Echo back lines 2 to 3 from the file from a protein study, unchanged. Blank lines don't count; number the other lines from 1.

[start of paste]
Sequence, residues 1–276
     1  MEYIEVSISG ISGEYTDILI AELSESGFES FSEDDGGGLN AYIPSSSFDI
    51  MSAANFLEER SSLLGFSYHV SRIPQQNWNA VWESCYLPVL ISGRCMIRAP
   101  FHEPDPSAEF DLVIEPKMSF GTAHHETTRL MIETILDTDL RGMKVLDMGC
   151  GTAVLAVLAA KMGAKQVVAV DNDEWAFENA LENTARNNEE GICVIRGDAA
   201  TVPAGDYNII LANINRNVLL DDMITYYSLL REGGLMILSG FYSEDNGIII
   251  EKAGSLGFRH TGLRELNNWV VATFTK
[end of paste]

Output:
     1  MEYIEVSISG ISGEYTDILI AELSESGFES FSEDDGGGLN AYIPSSSFDI
    51  MSAANFLEER SSLLGFSYHV SRIPQQNWNA VWESCYLPVL ISGRCMIRAP